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Tuesday, December 23, 2014

How Common Core Promotes "a Certain Religion" in English Class

Hat tip Todd Starnes and David


This is one of  the sneakiest ways to indoctrinate students you can imagine. In a North Carolina English class, new vocabulary words are introduced by putting them in sentences that put a big happy face on-you guessed it- Islam.

http://www.foxnews.com/opinion/2014/12/20/school-islamic-vocabulary-lesson-part-common-core-standards/

This is hardly the only example. As a teacher of English as a second language, I had a grammar-writing class a few years ago and had to use an English-writing  textbook in which every chapter was devoted to the environmental with tributes to Greenpeace, no less. I always made it a practice to tell my students that I am not advocating any position on the matter or any other matter.

This is really despicable.

1 comment:

Siarlys Jenkins said...

This presentation is slander, pure and simple. I don't mean that the exercises described never happened. I mean, that they are not prescribed in Common Core. Common Core doesn't prescribe exercises, it prescribes detailed reading and math skills to be mastered and tested. It also does not prescribe any education on any religion.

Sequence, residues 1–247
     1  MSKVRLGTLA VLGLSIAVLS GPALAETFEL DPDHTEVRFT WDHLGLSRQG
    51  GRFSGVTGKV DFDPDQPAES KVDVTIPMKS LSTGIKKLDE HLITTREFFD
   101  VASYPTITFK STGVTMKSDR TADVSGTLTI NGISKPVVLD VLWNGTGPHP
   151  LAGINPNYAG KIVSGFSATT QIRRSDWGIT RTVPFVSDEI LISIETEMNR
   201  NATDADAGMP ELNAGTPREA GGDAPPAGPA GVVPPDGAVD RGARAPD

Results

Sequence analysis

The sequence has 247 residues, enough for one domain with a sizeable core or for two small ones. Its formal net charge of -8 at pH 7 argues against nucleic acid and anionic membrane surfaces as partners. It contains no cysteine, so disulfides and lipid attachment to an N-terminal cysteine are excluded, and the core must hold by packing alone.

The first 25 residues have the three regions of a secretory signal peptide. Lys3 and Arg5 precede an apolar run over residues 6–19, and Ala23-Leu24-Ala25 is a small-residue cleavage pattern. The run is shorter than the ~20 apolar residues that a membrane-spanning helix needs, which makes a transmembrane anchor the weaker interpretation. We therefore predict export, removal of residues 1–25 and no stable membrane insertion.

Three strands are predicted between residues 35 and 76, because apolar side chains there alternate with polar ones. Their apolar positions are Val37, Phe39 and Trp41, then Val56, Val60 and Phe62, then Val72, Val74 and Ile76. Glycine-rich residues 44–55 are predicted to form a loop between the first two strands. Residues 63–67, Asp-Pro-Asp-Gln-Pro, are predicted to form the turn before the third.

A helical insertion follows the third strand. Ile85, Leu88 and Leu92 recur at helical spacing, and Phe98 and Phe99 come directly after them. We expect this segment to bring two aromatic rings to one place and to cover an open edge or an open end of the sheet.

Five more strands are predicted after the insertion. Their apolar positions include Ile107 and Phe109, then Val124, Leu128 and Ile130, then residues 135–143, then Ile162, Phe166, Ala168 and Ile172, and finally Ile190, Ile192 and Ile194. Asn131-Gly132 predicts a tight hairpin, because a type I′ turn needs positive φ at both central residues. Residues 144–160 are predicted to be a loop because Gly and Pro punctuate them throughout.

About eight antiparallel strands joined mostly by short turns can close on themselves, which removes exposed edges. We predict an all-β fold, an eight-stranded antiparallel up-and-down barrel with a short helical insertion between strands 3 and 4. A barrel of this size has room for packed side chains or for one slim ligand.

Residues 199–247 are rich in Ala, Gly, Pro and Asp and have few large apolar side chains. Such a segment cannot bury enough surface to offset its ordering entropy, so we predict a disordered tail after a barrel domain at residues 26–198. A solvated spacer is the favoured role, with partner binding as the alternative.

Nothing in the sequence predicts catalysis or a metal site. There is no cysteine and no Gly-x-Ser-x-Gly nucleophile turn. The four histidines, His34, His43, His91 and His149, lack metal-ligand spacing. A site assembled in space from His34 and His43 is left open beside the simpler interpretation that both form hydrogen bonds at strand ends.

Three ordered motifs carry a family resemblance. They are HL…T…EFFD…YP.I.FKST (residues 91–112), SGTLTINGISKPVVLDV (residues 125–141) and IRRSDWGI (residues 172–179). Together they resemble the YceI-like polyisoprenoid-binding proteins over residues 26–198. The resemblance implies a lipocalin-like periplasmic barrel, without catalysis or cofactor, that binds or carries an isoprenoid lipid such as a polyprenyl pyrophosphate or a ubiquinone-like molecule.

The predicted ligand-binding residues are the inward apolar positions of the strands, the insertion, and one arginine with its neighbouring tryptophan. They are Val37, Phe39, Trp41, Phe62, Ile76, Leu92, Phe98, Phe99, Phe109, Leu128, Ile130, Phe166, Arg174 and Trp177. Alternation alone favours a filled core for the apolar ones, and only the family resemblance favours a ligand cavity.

At most, some teacher, or school district, writing exercises to test the basic levels of understanding outlined in Common Core, chose to use these sentences and themes. That may be a valid local issue. It is not a valid criticism of Common Core.

I'm not really a fan of either standardized testing or of parsing "what students should learn" into detailed components. I had some experience tutoring high school students a couple of years ago, and such prescribed "standards" had nothing to do with what the students needed to learn or how they learn.

Fortunately, I had the latitude to ignore it. I dealt with real issues, like the fact that a young lady came home with detailed notes of what her teacher covered in class, in beautiful handwriting, and didn't understand what a word of it meant. THAT is one product of teaching to "standards." The teacher was under pressure to cover so much material so fast that the teacher had no time to stop and see if anyone got it.

But the faux-conservative caterwauling about Common Core is pure opportunistic knee-jerk reaction. Don't you have anything important to talk about?